Amazon and WhatsApp almost as bad as US telcos at protecting privacy: EFF

Amazon and WhatsApp scored in only two of the EFF's five categories on protecting customer data and privacy, while telecommunication carriers Verizon, AT&T, T-Mobile, and Comcast scored just one star.
Written by Corinne Reichert, Contributor

The Electronic Frontiers Foundation (EFF) has published its privacy-scoring report for 2017, ranking Amazon and WhatsApp just ahead of telecommunications carriers on how well they protect user data against United States government intervention.

(Image: Screenshot by Corinne Reichert/ZDNet)

Amazon and WhatsApp were given stars in the "Pro-user public policy: Reform 702" and "Follows industry-wide best practices" categories, but missed scoring in the "Tells users about government data requests", "Promises not to sell out users", and "Stands up to National Security Letter (NSL) gag orders" categories.

"We were disappointed that two technology companies fell short of other online services: Amazon and WhatsApp," the Who has your back 2017 [PDF] report says.

"While both companies have adopted industry-accepted best practices of requiring a warrant for content, publishing law-enforcement guidelines, and publishing a transparency report, and while we applaud both companies for advocating for reforms to over-broad NSA surveillance, these two companies are not acting as leaders in other criteria that we examine.

"They don't have the strong public policies related to notifying users of government data requests that we have come to expect from tech companies; they don't publicly promise to request judicial review of NSLs; and they aren't meeting our criterion about not selling out users. We urge both Amazon and WhatsApp to improve their policies in the coming year so they match the standards of other major online services."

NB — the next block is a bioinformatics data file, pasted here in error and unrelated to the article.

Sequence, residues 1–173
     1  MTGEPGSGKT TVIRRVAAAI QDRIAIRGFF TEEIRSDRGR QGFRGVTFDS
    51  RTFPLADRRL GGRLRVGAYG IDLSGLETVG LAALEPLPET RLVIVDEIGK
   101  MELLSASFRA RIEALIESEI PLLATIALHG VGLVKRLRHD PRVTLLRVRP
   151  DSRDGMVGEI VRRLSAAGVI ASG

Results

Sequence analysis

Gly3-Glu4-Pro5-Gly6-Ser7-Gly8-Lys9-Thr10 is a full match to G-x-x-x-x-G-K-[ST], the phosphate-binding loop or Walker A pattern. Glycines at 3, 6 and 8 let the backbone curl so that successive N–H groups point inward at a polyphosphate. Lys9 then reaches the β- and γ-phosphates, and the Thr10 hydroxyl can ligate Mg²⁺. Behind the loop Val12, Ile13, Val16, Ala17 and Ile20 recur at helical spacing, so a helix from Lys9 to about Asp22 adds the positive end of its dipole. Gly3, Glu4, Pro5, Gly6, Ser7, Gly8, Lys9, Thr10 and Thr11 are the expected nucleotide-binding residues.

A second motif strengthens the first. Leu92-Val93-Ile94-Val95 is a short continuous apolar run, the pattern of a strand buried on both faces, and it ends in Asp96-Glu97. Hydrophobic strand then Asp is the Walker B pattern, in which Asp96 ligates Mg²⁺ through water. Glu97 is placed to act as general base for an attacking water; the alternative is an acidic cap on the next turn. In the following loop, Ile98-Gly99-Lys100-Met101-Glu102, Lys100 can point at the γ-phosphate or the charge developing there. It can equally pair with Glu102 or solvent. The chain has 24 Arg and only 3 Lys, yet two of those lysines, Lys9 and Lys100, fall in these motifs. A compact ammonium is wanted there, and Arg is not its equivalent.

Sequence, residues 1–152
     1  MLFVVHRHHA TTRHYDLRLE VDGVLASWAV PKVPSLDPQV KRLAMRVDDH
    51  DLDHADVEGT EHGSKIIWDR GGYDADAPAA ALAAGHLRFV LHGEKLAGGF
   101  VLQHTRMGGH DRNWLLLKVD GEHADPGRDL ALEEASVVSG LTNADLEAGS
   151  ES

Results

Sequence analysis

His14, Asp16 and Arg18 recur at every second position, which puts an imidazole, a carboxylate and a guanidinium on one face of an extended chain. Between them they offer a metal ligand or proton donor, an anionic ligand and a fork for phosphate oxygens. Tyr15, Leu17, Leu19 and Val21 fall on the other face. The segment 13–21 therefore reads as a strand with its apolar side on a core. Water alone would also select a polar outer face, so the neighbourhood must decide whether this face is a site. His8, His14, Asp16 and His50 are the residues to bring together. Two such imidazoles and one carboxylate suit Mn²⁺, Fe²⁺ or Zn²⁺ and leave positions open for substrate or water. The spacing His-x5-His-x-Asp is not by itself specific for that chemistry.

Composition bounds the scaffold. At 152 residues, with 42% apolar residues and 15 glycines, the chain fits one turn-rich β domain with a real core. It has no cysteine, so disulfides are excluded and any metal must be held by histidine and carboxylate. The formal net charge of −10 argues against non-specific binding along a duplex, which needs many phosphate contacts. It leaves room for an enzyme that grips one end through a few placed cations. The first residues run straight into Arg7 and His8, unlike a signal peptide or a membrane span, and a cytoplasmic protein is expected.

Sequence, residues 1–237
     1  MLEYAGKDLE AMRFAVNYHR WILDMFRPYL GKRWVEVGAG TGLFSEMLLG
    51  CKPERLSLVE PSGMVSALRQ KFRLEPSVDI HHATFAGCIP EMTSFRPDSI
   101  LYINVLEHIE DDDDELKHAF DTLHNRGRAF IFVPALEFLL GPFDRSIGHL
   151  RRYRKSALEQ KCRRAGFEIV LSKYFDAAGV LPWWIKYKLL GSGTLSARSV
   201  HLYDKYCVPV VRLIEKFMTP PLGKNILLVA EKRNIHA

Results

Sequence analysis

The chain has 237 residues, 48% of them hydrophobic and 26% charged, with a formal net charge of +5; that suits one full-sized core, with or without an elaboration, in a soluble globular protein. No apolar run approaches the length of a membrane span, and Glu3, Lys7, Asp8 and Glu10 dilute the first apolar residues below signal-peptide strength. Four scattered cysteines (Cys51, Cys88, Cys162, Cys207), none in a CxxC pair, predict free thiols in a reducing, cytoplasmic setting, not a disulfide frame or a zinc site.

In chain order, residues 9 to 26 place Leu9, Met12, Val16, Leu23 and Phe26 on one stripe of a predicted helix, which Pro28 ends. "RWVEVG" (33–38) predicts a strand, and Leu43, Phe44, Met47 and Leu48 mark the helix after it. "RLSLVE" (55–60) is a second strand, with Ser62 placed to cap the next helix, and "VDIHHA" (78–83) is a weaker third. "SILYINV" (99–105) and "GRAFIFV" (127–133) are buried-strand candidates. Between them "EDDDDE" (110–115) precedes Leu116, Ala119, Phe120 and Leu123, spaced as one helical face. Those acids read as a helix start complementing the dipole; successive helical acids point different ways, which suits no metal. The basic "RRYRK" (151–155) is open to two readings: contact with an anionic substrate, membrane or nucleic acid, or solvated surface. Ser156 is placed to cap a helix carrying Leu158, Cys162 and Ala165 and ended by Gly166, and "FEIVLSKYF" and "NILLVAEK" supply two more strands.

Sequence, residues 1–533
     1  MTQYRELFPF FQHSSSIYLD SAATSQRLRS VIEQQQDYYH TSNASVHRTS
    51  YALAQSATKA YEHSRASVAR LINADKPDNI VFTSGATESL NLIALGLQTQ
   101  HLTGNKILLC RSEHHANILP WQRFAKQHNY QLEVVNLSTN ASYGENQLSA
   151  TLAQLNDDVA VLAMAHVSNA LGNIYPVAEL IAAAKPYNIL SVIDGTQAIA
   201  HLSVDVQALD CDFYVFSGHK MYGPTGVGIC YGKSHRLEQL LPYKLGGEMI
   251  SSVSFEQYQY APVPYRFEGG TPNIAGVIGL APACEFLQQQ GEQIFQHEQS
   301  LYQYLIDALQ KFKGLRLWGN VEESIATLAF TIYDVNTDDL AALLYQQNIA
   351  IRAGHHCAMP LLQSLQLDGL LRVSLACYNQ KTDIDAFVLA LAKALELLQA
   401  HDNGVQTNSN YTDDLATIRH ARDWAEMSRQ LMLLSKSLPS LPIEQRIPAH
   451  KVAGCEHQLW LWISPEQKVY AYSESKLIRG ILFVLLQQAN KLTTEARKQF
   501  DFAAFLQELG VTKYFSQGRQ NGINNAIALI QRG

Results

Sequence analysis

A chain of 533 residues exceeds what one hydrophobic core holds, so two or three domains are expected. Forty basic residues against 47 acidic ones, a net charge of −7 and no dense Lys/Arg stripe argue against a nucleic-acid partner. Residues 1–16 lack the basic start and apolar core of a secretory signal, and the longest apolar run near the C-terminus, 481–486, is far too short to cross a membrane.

Carriers AT&T, T-Mobile, Verizon, and Comcast scored only one star, meanwhile, which was in the loose "Follows industry-wide best practices" category.

"Telecommunications companies like AT&T, Comcast, T-Mobile, and Verizon are failing to live up to larger tech industry practices," the EFF report says.

"When it comes to adopting policies that prioritise user privacy over facilitating government data demands, the telecom industry for the most part has erred on the side of prioritising government requests."

As a result, the EFF has "urged" Verizon, AT&T, and Comcast to inform their users before disclosing data to the US government; create public policies for NSL judicial review; publicly support reforms for limiting NSA surveillance; and clarify their third-party access to data policies.

Verizon had previously refused to comment on whether it would challenge NSLs or other similar government requests for data, after the US government was revealed in 2013 to have been obtaining customer records on a daily basis from Verizon.

The EFF said T-Mobile should similarly publicly support reforms for limiting NSA surveillance and clarify its third-party access to data policy.

"The tech industry as a whole has moved toward providing its users with more transparency, but telecommunications companies -- which serve as the pipeline for communications and internet service for millions of Americans -- are failing to publicly push back against government overreach," EFF senior staff attorney Nate Cardozo said.

"Both legacy telcos and the giants of Silicon Valley can and must do better. We expect companies to protect, not exploit, the data we have entrusted them with."

Scoring stars in all five categories were Adobe, Dropbox, Uber, Lyft, Pinterest, WordPress, Credo Mobile, Sonic, and Wickr; while tech giants Apple, Google, Facebook, Microsoft, and Yahoo alongside Slack and LinkedIn scored four out of five stars.

Twitter, Snap Inc, Airbnb, and Tumblr were each awarded three stars.

Of these companies, Apple, Facebook, Microsoft, and Yahoo have all received NSLs. While gag orders prevent companies from disclosing the details of the NSLs they receive, and how many, Twitter has been fighting for more transparency, and Microsoft also challenged its NSL and won.

Amazon has received US government subpoenas for customer data, but has refused to disclose whether it has received any NSLs, while Uber has denied receiving an NSL.

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